As soon as one government decides to do a new project it's a good bet that others will follow suit, in the ultimate fashion obsession.
Last week, NSW Premier Nathan Rees outlined plans to combine 160 state government agencies to become 13 super-departments.
This wasn't a particularly original thought. Queensland had decided to do the same thing earlier this year, making 23 departments into 13. In fact, similarities drawn by a news.com.au article between Queensland and NSW make it seem like Rees just took Queensland's plan and fiddled with it a bit.
But even Queensland's thought wasn't original because before Queensland came Victoria, with former Premier Jeff Kennett forming super-departments in the 1990s.
Going super certainly isn't the only communal trend in government. There's also the rash called shared services, which seems to be so contagious it's spread to almost all the states, including our wishful-thinking seventh state New Zealand.
Another big trend at the moment is datacentre consolidation, which Queensland believes it did first. "We already embarked on some of those things before Gershon ever reported them," Mal Grierson, director general of the state's Department of Public Works and Queensland Government chief information officer told ZDNet.com.au last week.
He took the CIO title late last year from Alan Chapman, who had been acting Queensland government CIO and is now the executive director for the government's Chief Information Office.
Of course, government isn't unique in following trends. Think about the universities with their sudden herd decision to go with hosted student email. Or the banks' desire to revamp their core IT platforms. Every company in every industry likes to keep up with the firm next door. But since government has such a public profile it should be easier to spot when the decision to follow some new trend is going to burn through the public arena like swine flu. Vendors have the time to position themselves accordingly.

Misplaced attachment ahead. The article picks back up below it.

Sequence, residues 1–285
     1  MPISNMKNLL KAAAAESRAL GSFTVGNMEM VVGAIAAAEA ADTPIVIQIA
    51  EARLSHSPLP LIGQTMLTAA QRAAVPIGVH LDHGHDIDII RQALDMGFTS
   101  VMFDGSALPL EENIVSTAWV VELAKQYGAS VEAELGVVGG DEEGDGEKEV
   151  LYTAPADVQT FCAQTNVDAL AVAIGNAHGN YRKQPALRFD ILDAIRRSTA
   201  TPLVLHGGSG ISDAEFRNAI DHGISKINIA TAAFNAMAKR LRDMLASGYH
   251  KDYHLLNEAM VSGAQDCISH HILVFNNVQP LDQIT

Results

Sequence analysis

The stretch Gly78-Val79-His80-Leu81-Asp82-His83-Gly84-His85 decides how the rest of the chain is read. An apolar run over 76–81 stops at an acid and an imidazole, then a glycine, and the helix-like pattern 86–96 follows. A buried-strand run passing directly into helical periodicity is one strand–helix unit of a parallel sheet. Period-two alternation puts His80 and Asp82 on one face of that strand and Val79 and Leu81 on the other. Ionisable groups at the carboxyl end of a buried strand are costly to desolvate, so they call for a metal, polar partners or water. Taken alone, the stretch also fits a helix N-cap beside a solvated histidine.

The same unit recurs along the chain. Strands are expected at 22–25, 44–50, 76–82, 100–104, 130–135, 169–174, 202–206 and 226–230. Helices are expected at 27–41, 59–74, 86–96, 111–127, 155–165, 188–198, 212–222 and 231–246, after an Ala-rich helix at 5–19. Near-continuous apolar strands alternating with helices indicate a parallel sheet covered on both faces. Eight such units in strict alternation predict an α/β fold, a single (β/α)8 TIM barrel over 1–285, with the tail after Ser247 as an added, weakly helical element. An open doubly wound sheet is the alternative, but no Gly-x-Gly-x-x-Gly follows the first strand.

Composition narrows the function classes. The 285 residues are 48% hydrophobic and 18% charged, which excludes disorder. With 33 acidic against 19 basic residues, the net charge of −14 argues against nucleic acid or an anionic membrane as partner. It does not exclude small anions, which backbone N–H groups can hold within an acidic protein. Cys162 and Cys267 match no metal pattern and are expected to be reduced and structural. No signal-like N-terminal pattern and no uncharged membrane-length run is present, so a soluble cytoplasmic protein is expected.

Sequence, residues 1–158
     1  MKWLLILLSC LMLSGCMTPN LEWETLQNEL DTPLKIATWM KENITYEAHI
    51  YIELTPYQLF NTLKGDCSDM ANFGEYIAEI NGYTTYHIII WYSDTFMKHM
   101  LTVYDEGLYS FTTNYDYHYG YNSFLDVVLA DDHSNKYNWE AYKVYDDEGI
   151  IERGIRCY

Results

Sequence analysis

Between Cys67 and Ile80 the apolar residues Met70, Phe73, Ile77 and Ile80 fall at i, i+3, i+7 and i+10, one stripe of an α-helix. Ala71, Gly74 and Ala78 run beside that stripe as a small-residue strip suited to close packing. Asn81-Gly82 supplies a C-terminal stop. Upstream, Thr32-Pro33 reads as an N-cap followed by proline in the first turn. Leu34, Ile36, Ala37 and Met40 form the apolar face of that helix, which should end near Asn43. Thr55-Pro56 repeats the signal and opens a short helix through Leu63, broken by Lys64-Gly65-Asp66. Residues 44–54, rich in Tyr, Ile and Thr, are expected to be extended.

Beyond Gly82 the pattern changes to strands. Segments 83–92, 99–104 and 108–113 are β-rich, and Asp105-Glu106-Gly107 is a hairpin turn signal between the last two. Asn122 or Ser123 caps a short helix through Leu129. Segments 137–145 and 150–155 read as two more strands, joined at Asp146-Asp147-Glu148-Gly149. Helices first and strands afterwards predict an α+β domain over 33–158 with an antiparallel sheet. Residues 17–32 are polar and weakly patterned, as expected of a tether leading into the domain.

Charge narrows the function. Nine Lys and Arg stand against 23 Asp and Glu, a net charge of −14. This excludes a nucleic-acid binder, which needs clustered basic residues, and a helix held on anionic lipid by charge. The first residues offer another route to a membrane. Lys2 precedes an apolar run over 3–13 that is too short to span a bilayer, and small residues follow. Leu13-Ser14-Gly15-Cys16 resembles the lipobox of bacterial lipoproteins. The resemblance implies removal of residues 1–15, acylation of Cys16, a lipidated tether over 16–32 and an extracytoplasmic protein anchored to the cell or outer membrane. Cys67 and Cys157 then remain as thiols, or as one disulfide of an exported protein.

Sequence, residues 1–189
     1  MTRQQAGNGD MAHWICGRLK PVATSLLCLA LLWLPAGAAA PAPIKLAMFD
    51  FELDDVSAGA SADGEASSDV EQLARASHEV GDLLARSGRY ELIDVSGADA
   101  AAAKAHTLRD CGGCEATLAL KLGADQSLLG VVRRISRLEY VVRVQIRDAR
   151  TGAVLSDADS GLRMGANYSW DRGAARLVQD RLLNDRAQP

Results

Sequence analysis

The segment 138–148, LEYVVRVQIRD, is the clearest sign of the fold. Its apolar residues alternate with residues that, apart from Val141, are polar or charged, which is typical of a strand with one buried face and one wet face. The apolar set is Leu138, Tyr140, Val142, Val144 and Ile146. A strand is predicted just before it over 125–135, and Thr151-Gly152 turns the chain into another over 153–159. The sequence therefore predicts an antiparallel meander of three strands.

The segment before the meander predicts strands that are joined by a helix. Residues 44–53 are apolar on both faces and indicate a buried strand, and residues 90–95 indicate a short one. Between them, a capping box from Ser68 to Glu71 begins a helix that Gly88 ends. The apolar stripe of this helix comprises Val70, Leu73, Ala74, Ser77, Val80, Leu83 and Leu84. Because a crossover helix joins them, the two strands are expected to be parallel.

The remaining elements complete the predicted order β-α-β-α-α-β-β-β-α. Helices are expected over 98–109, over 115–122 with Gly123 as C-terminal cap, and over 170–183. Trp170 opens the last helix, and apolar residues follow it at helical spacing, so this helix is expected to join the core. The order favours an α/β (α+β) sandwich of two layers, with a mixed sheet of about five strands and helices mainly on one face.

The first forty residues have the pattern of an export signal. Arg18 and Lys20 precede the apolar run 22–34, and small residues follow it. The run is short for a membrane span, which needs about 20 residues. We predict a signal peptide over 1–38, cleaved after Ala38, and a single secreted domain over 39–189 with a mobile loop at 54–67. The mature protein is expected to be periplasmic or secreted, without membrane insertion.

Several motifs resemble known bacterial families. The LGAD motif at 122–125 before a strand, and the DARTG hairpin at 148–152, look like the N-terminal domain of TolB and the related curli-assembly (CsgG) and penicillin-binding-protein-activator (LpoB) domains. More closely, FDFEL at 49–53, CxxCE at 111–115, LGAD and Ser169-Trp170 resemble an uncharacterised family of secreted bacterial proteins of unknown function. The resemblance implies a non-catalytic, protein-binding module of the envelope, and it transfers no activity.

Take NSW's decision to form super-departments as an example. I spoke with Queensland's Grierson last week who said that the Queensland government's shared services initiative had seen its time frame lengthened because of the amalgamation of the agencies. The focus now was on making sure each of the super agencies operate internally on standard platforms.
Now, assuming that NSW will have to do the same, if I was a vendor which had a system in one of the to-be-amalgamated agencies, I'd be pushing the case already that it was my system the new mega agency should be standardising on.
So whether or not NSW will be following Queensland over a cliff in lemming-like fashion or reaping the benefits of IT savings Mecca, I'm sure it will now be deluged with calls from vendors wanting to have lunch.